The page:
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From: Vladimir Prus (ghost_at_[hidden])
Date: 2007-01-11 02:21:44

Eric Niebler wrote:

>>>> boostbook standalone
>>>> @@ -36,4 +34,5 @@ boostbook standalone
>>>> <xsl:param>toc.max.depth=3
>>>> <xsl:param>toc.section.depth=3
>>>> <xsl:param>chunk.section.depth=3
>>>> + <dependency>autodoc
>>>> ;
>>> Wouldn't that only create the necessary dependency when the docs are
>>> built "standalone"?
>> Looking at doc/Jamfile.v2, I see:
>> <dependency>../libs/xpressive/doc//autodoc.xml
>> so I suppose everything is in shape.
> Ah, thanks.

So, this change is OK?

>>> This doesn't seem right to me. I think I said what I
>>> meant to: that the xml rule invocation depends on the doxygen one.
>> How can it depend if the qbk -> xml process does not use the autodoc
>> result in any way.
> Understood. But I should be able to make X depend on Y if I feel like
> it, even if X doesn't actually *use* Y's result, right? Not that I want
> to do that, I'm just trying to understand.

Yes, you're supposed to be able to add <dependency> on random targets
to other random targets.

>>> Could you also explain how simply making one rule invocation depend on
>>> another breaks the build?
>> Because quickbook.jam has a bug? Which bug certainly can be fixed, but
>> using <dependency> in Jamfile like this does not seem right to me either.
> OK. I'm still surprised to learn that there is *anything* a Jamfile can
> do do make it an error to say that X depends on Y. It gets back to our
> earlier discussion about targets and dependencies. In order for BBv2's
> <dependency> to work, rule authors must follow a convention, which they
> can get wrong. I'm guessing that's what happened here.

I'm not sure what "convention" you mean. The story is that the building
of each type of rule is completely customizable, so to make extreme example,
it's possible to write code that will check if there is any <dependency>
property, and immediately fail.

>>> Why should that be? And what's up with that
>>> error message:
>>> error: Unable to find file or target named
>>> error: 'object(file-target)@427'
>>> error: referred from project at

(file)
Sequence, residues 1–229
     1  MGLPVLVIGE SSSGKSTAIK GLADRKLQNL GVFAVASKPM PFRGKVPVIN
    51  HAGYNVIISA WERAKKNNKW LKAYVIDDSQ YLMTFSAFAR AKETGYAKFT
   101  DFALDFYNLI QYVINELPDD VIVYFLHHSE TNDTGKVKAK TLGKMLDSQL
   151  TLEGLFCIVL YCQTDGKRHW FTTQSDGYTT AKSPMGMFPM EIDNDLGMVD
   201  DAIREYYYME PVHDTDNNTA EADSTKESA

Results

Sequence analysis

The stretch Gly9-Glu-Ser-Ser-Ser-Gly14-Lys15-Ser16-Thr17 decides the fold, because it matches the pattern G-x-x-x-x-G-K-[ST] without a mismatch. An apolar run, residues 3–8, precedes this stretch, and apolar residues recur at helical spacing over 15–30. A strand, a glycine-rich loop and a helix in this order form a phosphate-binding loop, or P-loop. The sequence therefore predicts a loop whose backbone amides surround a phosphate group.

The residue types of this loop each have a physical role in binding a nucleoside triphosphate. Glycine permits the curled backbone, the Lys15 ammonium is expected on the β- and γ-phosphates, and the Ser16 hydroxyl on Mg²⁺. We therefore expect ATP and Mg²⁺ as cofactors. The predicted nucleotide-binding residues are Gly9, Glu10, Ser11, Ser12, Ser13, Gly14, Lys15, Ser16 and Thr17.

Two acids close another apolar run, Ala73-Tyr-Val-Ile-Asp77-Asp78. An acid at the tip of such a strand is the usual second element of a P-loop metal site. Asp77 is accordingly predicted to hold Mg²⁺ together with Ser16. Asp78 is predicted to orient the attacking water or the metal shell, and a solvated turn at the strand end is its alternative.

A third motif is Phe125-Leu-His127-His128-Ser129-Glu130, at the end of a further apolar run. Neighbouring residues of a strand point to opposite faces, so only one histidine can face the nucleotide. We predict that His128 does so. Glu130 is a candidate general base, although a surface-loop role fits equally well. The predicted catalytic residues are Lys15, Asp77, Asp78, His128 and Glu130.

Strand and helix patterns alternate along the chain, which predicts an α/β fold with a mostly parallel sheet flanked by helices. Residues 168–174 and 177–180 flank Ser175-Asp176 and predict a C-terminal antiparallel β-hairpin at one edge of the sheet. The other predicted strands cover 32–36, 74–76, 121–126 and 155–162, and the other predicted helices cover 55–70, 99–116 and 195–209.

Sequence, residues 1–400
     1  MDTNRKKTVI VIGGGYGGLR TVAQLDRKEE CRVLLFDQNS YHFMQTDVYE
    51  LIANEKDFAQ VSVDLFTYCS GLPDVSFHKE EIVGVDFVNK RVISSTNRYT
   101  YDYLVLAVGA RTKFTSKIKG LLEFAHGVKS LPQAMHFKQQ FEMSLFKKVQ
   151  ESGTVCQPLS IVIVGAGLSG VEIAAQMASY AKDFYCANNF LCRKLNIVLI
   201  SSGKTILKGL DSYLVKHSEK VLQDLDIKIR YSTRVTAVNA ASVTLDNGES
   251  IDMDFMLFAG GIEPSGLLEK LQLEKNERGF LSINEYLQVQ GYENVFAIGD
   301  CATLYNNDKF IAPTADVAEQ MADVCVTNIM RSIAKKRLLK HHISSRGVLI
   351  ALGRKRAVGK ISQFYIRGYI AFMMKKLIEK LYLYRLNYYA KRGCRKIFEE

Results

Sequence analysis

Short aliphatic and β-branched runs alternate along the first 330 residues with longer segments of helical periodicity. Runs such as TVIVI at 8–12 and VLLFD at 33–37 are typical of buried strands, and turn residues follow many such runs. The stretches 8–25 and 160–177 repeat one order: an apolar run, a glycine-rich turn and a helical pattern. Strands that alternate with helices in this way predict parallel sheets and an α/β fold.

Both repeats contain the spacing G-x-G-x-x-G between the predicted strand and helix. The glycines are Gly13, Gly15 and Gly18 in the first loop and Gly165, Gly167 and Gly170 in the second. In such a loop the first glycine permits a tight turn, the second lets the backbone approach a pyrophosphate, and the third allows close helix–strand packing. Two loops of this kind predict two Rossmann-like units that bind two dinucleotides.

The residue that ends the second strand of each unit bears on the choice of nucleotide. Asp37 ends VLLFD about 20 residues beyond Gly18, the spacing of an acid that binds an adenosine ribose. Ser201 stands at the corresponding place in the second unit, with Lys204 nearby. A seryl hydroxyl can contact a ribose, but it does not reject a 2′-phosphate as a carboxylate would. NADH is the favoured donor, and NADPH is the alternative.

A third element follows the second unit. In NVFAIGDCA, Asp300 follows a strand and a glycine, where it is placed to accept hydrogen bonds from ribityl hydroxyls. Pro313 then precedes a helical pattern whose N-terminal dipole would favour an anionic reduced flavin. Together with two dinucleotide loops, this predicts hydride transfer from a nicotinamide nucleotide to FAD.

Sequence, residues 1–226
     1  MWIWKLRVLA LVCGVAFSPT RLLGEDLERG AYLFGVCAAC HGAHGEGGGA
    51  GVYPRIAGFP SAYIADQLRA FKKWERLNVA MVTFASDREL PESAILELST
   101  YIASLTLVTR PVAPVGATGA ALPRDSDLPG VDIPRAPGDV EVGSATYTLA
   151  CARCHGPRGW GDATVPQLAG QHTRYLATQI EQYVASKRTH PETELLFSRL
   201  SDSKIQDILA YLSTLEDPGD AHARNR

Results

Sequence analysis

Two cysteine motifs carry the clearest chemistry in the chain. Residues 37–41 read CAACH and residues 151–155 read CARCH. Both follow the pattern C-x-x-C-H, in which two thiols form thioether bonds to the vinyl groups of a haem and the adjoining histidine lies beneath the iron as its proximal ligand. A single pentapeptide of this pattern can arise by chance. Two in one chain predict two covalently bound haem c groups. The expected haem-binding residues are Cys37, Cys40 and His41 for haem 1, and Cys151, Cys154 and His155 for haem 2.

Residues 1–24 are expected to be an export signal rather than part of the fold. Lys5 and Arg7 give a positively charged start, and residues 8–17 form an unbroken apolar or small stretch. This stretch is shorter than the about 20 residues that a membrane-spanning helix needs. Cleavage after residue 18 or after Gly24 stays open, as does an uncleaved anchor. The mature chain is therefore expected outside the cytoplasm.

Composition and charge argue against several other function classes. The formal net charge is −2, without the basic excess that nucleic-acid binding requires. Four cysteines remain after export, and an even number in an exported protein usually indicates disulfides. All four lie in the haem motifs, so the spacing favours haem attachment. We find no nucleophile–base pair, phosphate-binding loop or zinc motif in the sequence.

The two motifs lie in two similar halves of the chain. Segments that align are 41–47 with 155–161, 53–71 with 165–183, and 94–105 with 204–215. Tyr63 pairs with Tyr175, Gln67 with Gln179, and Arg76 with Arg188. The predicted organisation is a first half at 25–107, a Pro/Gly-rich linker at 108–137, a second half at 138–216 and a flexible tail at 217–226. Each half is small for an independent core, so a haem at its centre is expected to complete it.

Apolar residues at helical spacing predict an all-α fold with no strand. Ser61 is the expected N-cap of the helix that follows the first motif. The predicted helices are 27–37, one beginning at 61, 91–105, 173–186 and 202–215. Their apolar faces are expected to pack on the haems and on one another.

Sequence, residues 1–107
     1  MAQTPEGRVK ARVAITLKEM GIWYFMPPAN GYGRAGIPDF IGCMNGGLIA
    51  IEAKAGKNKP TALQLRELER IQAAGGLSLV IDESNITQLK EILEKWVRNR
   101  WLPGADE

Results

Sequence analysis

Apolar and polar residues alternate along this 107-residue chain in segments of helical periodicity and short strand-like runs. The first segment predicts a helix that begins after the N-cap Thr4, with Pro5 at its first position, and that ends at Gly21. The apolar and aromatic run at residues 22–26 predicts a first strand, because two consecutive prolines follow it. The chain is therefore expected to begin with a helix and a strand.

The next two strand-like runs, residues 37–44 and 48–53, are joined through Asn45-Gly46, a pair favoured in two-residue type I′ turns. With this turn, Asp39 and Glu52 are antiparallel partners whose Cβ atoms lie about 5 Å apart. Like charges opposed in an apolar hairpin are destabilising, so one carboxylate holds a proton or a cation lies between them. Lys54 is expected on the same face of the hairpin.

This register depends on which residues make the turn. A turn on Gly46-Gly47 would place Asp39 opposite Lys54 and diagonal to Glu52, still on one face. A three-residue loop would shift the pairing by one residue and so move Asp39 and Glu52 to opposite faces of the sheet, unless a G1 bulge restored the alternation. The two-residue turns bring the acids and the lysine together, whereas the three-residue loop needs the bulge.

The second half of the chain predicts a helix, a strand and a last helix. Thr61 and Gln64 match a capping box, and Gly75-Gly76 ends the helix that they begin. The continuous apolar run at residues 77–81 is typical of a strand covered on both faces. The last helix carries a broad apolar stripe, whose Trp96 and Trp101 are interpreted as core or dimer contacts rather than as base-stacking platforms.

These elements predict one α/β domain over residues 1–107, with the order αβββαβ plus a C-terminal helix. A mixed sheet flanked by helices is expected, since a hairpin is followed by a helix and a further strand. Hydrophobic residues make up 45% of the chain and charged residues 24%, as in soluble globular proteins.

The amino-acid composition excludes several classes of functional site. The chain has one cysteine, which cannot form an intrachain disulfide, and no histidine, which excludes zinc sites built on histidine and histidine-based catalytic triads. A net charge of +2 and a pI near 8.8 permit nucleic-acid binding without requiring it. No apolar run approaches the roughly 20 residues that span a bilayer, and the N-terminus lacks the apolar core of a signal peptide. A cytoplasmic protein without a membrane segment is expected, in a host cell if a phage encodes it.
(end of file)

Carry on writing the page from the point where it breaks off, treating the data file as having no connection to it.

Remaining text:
>>> error: '/home/ghost/Work/Boost/boost/tools/quickbook'
>>> That's awful. How's anyone supposed to make any sense of that?
>> Just like how anyone is supposed to make any sense of failed assert
>> in a C++ program? Not all errors can be made cristal clear,
>> quickbook.jam in particular is deep wizardy.
> With an assert, at least I have the file and line information. What
> useful information does this error message give? I go to
> boost/tools/quickbook and ... what? Look in the Jamfile, I suppose. But
> nothing there looks wrong. And I can't make any sense of
> 'object(file-target)@427'. Grepping jamfiles for that won't help,
> either. And 427 clearly isn't a line number -- quickbook/Jamfile.v2
> doesn't have that many lines.

As I've said, that message is a result of a bug in quickbook.jam. What
are you trying to do here? Find and fix that bug? In order to conveniently
do that, you must be familiar with Boost.Build internals.

Usually, this error is emitted when you mention non-existent file or
target in the sources, and never caused confusion to any user. In this case,
it's emitted due to quickbook.jam bug, and I don't think there's much point
to try making the message more helpful in case of internal bugs, given
that to fix such bug you'd need to know a bit of Boost.Build anyway.

> OK, I know from previous run-ins with BBv2 that this is probably one of
> the hidden *actual* targets that BBv2 creates for me behind the scenes.
> I'm not supposed to know about it, right? ;-) It's times like this that
> I miss good ol' makefiles, which let me deal *directly* with the
> abstractions I care about: targets and dependencies.
> Why is the deep wizardry in quickbook.jam necessary? Or is it? What it's
> trying to do is quite simple: "I'm about to use tool X. Make sure it's
> built first." Does that require deep wizardry in BBv2, or is
> quickbook.jam overly complicated? I'd think it should just be able to
> add a dependency on the "install dist-bin" rule invocation in
> tools/quickbook/Jamfile.v2, right?

I suppose there are some ways how quickbook.jam can be simplified. If you
have some concrete proposals, please post them to boost-build list and
I hope that João Abecasis, the quickbook.jam author, will comment.

Personally, beyond this specific bug, I don't plan to improve
quickbook.jam -- after all I don't use quickbook and did introduce
quickbook.jam either.

- Volodya

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